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How a teen girl’s mad Overwatch skills struck a major blow to sexism in gaming

No, this 17-year-old gamer girl didn't cheat. She just really is one of the best Overwatch players on the planet.

Aja Romano writes about pop culture, media, and ethics. Before joining Vox in 2016, they were a staff reporter at the Daily Dot. A 2019 fellow of the National Critics Institute, they’re considered an authority on fandom, the internet, and the culture wars.

A 17-year-old professional e-sports player just crushed her enemies and delivered a blow to sexism in gaming, all in one live stream.

Korean gamer Geguri is currently ranked among the top 10 players in the world in Overwatch, a new team-based video game that has exploded in popularity since it was officially released in May.

As a predominant female gamer in a culture traditionally dominated by men, Geguri’s success is both impressive and inspirational. Naturally, it’s also the reason some of her rivals have accused her of cheating.

In short, Geguri played a huge role in helping her Overwatch team, UW Artisan, rise to victory at a recent gaming tournament — so huge, in fact, that the opposing team, Dizziness, called foul. Two of its players, ETLA and Strobe, were so absolutely, totally, without-a-doubt sure that Geguri couldn’t attain stats as high as she did, they bet their entire careers on their assertion that she must be cheating, agreeing to quit their jobs if they turned out to be wrong.

(Pro-tip: Never risk your livelihood on the claim that someone is incompetent because of their gender.)

As one gaming site explained, some Overwatch players were surprised because Geguri "came out of nowhere" to attain her ranking. (Though the game was just released to the public a month ago, many professional gamers have been playing it since it was in beta.) But while she may be newer to Overwatch than others, Geguri has already competed in nearly 450 matches and boasts an incredible 80 percent win rate when playing as her preferred character, Zarya.

Additionally, Geguri’s "kills/death" ratio of 6.31:1 is extremely high. Overwatch is a first-person shooter game, meaning the goal is to kill your enemies with giant guns while not letting them kill you. Taking out an average of six targets for every time she dies puts her far ahead of the average kill ratio. While playing Overwatch as the Zarya character, individual players self-report "high" K/D ratios ranging anywhere from 2:1 to 5:1. In other words, Geguri is a killing machine.

That’s presumably why ETLA and Strobe assumed she was cheating by somehow hacking the game. Meanwhile, other players wondered if she was increasing her firing accuracy by using moves deemed illegal in a tournament setting.

To get a sense of just how skilled Geguri is, watch the following video of her gameplay from the tournament that brought about ETLA and Strobe’s allegations. You can see that her targeting is jawdroppingly precise: She hits dead center nearly every time.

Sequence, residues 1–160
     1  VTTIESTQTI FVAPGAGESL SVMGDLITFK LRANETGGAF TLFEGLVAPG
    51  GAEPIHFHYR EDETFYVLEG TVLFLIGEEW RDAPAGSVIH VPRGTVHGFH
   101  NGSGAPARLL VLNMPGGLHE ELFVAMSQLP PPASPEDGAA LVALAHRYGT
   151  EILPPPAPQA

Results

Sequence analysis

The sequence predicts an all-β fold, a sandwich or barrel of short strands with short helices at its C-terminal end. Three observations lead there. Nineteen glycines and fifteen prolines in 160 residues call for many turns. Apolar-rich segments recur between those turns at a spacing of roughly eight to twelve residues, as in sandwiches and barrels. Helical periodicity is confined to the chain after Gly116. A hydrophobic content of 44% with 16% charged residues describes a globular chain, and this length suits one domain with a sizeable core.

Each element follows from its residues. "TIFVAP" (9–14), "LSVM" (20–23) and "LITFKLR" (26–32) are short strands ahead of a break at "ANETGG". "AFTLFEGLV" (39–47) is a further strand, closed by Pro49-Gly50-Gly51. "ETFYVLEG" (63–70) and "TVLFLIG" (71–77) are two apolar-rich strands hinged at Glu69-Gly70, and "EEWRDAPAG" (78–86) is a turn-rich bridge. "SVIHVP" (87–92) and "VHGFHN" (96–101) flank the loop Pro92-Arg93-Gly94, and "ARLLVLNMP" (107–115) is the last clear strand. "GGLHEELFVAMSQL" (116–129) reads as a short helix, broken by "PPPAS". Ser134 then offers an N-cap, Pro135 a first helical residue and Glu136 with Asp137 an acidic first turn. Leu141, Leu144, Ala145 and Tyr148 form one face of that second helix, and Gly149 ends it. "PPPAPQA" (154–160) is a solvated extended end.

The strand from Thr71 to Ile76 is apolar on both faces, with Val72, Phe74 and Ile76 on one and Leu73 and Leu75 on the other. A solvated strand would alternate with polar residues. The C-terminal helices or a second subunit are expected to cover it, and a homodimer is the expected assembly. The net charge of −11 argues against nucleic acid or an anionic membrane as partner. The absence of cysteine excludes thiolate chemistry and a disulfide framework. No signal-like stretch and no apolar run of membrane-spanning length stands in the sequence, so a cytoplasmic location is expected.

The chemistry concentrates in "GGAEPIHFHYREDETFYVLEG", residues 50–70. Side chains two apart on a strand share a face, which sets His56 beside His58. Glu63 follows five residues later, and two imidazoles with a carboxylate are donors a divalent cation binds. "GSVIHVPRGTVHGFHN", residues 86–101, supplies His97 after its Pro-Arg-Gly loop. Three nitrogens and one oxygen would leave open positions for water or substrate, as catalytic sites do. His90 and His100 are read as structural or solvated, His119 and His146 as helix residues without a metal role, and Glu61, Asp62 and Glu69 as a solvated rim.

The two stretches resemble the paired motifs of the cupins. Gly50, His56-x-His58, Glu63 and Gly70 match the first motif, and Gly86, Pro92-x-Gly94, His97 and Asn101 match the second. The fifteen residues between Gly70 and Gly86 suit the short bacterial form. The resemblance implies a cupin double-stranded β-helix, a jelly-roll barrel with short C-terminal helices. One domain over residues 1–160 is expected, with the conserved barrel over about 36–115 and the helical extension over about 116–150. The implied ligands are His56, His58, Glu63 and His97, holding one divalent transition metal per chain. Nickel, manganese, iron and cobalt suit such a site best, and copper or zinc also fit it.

ETLA and Strobe insisted that Geguri simply couldn’t be as good as she appeared to be — and according to the rumor mill, Strobe also allegedly threatened to show up at Geguri’s house with a knife if she was found to be lying.

Which brings us back to how Geguri ultimately put them in their place.

After a complaint was filed and investigated, Geguri was cleared of all charges; the manager of Geguri’s team even posted a transcript (link is in Korean) of a chat he had with tournament officials. But that wasn’t enough to quell the controversy. So the Korean gaming site Inventory invited Geguri to perform a live public demonstration of her skills.

Take a look at the video from the hour-long live stream; the gaming gets started around 4:28 and things really get intense around 5:40:

The video shows that Geguri’s jittery on-screen targeting — one factor that contributed to the accusations made against her, because it suggested she was using illegal moves — is actually a result of her unusual habit of quickly picking up the mouse while she turns and redirects her aim. This practice seems key to Geguri’s amazing ability to comprehend what’s going on all over the map while she’s fighting, even as she’s simultaneously identifying the main points she needs to focus on.

More importantly though, the video shows that Geguri has fully earned her spot in the world rankings — no matter what many people in the male-dominated world of e-sports would like to believe.

In the aftermath, justice for Geguri has been attained: True to their word, ETLA and Strobe, the two gamers who bet their careers on her alleged incompetence and dishonesty, have reportedly quit the sport.

Meanwhile, the follower count on Geguri’s brand-new Twitter account has shot up, and she’s being bombarded with fan art depicting her playing as the pink-haired Zarya character. Her gaming handle, 개구리, means "frog" in Korean — hence the many works that contain a pink-haired frog.

But all of this hubbub likely would have been avoided if Geguri had been a man competing in what is generally considered to be a man’s sport. Case in point: When two male pro gamers were recently accused of cheating at Overwatch, neither of them had to perform a live demonstration to prove their innocence.

"Sometimes I feel like a woman can't be considered good without people believing there's some sort of sorcery going on," commented one observer on a Reddit thread discussing the situation.

Still, Overwatch’s developer, Blizzard, has been keeping a careful watch over the new game and its players, booting 1,500 Overwatch accounts for cheating at the beginning of June.

Geguri may be the first female pro Overwatch player to have to defend her reputation against the sallies of sexist critics. But with the game’s burgeoning popularity and all the scrutiny being applied to pro players, she may not be the last.

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